American Legion motorcycle ride raises awareness for veterans issues

Oak Creek was the last stop for Thursday's American Legion Legacy Ride, raising awareness for veterans issues.

Hundreds of riders came together, some from as far as Alabama. The American Legion said it is one of the largest – and longest – organized motorcycle rides in the U.S. 

"The comradery is unreal," said Paul Dillard, American Legion national commander.

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After a 1,200-mile journey, the veterans covered grounds close to their heart. The ride passed through seven states to raise awareness for issues like suicide. 

"If we could each just save one life from suicide then we would be the one," said rider Jim Fleming, a U.S. Navy veteran from Texas.

American Legion Legacy Ride arrives in Oak Creek

The American Legion said too many veterans are struggling alone. The ride also raised funds for the kids of fallen and disabled veterans who served post-9/11.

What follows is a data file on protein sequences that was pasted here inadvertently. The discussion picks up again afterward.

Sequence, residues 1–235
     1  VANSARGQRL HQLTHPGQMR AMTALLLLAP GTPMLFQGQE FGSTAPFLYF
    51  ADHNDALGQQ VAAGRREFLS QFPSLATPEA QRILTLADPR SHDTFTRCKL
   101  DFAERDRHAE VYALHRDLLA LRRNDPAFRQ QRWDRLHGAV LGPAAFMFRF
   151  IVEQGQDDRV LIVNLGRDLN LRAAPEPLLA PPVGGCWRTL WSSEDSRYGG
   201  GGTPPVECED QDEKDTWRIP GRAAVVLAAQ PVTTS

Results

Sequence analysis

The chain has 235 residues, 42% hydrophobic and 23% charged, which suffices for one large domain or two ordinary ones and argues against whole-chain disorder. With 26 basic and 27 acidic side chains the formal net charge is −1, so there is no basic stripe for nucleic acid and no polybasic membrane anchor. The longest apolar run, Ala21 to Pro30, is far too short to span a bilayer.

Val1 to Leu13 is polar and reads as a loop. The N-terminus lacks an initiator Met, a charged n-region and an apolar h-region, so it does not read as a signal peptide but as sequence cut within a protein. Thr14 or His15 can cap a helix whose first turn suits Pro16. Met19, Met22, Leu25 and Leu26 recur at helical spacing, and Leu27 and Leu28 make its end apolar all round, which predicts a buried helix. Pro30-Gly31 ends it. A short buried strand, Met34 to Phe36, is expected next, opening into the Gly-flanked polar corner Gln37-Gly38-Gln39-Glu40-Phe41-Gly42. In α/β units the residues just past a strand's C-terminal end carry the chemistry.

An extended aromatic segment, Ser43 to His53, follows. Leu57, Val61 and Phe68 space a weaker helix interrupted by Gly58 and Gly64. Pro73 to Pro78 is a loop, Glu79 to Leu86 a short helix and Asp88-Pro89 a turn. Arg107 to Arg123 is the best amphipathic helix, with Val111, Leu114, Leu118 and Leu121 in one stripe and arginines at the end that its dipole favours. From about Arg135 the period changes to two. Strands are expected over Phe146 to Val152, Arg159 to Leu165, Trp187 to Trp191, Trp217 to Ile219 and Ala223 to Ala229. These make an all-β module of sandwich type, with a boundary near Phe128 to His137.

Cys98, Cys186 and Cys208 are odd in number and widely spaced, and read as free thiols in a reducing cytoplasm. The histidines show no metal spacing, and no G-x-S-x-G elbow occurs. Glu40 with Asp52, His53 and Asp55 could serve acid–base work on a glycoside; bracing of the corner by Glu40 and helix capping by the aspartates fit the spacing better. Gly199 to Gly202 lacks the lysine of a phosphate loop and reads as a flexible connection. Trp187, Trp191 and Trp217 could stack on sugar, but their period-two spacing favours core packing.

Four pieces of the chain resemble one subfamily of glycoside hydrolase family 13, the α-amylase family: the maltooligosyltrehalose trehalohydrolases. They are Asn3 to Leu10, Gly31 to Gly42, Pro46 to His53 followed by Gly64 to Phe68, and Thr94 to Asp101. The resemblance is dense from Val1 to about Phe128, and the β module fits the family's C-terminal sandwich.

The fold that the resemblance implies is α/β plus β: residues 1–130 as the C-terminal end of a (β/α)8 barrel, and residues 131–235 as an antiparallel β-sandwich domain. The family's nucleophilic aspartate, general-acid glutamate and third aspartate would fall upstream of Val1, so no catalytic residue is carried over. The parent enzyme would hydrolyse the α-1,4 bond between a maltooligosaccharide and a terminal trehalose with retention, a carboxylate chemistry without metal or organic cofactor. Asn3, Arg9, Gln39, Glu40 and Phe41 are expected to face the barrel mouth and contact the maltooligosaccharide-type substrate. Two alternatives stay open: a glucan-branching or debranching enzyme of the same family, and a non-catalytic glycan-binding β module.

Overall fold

"Sadness because of the purpose of the run is for men and women who got killed in the war, and their children must go on with life," said Gary Wetzel, a Medal of Honor recipient.

"We all take that same oath to defend this nation and to fight for the word we use freedom and freedom isn’t free. There’s a price that’s being paid right now as you and I are here today."

American Legion Legacy Ride arrives in Oak Creek

Fleming said the ride is a gut-punch in a good way. He has been a part of all 16 American Legion Legacy Rides. Just like the engine on his bike, the people he passes never let him down.

"Well, I’m an emotional person," said Fleming. "My heart starts pounding and stuff – especially going through cities and towns."

Oak Creek was the last stop for the ride because the American Legion National Convention is being held in Milwaukee over the weekend with some events starting Thursday.